Growing up in Cabrini Green as I did, the 4th of July would start the period of summer that my mom would call “the long hot summer.” That was her way of looking at the next eight weeks until school started back. Those hot summer days filled with young people with nothing to do always was the perfect recipe for trouble. And mind you, I am going back to the 1960s-a time when every church held a bible camp, when summer school was available for free. When if you couldn’t do anything else, there was always the museum to go visit.

One of my favorite things to do was visit the Museum of Science and Industry. It was always a place where you could wander for hours, learn something and spend time doing something. The major hindrance in getting there was bus fare. As times changed, that museum as well as the Field Museum of Natural History, the Shedd Aquarium, the Planetarium and the Art Institute all went from being free to charging a fee. As every last one of those museums sits on Chicago Park District property (code word for land paid for by Chicago taxpayers) they are required by law to offer free days to the public.

Now that “the long hot summer” days are upon us, and we see our community filled with young people without a job, do you ever wonder why they don’t go to the museums? Or if you are a working parent and finally off for two weeks’ vacation with a tight budget, aren’t the museums a great way to spend the day?

Well, last year I had a house full of relatives visit for several weeks. Now I admit to being thrifty (cheap), so the first thing I thought of was a visit to a couple of the museums. Trying to entertain six people in Chicago is not easy if your finances are limited. Great America for 6 people was over $300. So I decided to mix costly entertainment with “free” entertainment.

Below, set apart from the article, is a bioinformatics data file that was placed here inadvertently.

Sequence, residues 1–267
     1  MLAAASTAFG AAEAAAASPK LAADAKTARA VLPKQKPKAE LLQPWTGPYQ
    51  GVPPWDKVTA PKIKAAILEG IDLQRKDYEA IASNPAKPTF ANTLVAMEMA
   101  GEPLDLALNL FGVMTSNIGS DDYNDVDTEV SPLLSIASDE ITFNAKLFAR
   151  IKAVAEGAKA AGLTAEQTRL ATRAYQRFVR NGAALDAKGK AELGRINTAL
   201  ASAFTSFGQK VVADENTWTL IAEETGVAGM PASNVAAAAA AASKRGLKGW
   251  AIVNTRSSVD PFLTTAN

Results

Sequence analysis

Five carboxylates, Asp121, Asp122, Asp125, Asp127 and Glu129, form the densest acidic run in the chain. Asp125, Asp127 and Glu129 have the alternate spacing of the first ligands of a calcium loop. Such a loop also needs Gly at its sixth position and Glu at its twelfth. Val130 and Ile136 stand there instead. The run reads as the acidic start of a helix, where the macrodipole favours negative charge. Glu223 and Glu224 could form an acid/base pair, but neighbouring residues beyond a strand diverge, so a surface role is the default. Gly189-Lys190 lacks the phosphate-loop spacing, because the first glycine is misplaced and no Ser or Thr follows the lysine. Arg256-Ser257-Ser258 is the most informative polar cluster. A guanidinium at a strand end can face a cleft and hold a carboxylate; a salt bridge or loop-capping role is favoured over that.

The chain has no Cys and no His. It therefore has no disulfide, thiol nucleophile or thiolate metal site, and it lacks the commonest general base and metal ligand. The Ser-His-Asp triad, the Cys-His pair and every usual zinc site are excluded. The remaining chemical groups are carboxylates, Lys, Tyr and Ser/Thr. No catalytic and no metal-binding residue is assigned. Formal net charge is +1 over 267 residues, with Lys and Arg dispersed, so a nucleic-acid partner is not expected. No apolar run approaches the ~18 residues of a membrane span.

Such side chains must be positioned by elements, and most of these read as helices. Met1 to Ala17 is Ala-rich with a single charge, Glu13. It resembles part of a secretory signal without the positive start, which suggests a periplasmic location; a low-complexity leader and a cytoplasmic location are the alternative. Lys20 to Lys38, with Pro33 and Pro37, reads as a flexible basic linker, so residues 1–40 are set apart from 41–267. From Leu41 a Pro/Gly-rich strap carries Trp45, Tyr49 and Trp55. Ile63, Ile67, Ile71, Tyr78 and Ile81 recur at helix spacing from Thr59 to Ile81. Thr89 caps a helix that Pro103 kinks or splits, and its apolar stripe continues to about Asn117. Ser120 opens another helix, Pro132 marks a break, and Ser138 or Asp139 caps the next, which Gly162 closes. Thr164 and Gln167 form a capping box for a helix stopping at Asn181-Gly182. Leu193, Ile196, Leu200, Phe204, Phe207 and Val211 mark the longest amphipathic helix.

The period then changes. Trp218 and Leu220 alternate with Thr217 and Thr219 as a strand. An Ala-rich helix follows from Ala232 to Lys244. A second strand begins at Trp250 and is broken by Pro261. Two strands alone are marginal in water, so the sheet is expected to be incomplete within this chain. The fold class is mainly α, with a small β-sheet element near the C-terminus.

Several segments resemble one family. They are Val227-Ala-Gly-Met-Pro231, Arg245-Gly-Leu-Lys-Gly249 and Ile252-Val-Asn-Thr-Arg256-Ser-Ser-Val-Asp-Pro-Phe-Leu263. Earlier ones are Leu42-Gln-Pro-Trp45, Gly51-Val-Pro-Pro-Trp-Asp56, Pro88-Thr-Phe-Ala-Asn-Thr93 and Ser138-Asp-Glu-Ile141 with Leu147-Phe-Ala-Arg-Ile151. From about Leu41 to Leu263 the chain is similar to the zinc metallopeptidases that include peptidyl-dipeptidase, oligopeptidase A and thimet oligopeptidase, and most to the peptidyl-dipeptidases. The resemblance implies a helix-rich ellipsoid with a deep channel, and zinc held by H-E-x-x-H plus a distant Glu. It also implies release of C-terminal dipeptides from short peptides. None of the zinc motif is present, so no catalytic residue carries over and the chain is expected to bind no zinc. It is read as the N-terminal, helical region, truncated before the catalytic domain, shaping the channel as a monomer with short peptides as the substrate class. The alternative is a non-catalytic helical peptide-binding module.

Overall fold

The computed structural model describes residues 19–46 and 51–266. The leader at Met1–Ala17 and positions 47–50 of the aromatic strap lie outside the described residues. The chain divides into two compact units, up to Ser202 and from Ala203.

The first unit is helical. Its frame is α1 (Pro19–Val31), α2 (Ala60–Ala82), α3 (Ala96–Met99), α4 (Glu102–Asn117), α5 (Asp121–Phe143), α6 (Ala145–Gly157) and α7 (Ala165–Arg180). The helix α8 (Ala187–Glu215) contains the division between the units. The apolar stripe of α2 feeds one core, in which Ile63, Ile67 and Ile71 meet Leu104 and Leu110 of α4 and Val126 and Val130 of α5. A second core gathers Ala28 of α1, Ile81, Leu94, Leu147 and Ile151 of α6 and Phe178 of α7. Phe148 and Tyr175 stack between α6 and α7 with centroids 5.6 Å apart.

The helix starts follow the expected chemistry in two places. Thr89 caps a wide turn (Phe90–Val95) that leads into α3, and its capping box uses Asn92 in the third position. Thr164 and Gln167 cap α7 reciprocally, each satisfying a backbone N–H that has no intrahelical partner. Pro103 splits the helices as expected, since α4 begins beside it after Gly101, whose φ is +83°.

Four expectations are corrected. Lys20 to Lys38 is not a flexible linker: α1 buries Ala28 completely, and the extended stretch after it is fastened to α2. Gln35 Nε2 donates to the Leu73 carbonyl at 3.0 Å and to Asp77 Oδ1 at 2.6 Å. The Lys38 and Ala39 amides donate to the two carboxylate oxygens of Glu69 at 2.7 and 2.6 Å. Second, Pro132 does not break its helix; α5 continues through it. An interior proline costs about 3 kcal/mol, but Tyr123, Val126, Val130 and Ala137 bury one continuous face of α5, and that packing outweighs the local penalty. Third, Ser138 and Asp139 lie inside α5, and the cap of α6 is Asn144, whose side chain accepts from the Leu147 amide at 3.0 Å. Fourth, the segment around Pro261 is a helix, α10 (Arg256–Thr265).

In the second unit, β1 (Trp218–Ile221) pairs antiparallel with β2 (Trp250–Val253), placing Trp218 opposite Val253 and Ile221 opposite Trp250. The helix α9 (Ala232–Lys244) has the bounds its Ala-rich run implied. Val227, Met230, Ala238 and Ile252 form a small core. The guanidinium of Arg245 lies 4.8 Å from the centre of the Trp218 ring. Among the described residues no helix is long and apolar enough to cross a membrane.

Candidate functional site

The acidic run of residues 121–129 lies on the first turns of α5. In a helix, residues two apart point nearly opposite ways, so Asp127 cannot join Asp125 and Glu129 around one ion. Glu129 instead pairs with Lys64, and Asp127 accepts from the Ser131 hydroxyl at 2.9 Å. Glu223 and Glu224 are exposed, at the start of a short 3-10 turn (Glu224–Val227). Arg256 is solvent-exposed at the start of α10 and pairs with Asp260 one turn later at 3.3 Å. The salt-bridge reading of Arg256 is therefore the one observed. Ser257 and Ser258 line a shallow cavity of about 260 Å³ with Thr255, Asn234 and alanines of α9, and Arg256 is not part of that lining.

There are nine museums on Chicago Park District property. Since I am a taxpayer, I wanted to enjoy the museums and take advantage of what I am constantly being taxed for every time the tax bill comes out. I made grandiose plans for which museums I wanted to attend. My children and cousins weren’t going to be sitting around doing nothing during those “long hot summer” days. I was going to give them things to do.

As I mentioned at the beginning of this column, those museums sit on taxpayer land and have to give free days by law. In the past, those museums would offer one free day per week. But guess what? The rules have changed, thanks to our state legislators. Instead of offering one free day per week, those museums now offer 52 free days a year. And guess when the majority of those days are? No, not during “the long hot summer” days. Most of the free days are in November, January and February!

The law says they must have seven free days during the period of June through August. Bet you can’t guess when those days were! Cause if you wanted to take advantage of them, they’ve already passed. This year, the Field Museum and Adler Planetarium held free days June 17-22. The Museum of Science and Industry’s free days were June 3-8.

As we enter into “the long hot summer,” our young people have even fewer places to go and things to do than when I was a child. So beware the politicians who jump on the soapbox and berate the parents following any tragedy involving young people up to no good-99.99% of the time, they have contributed to it!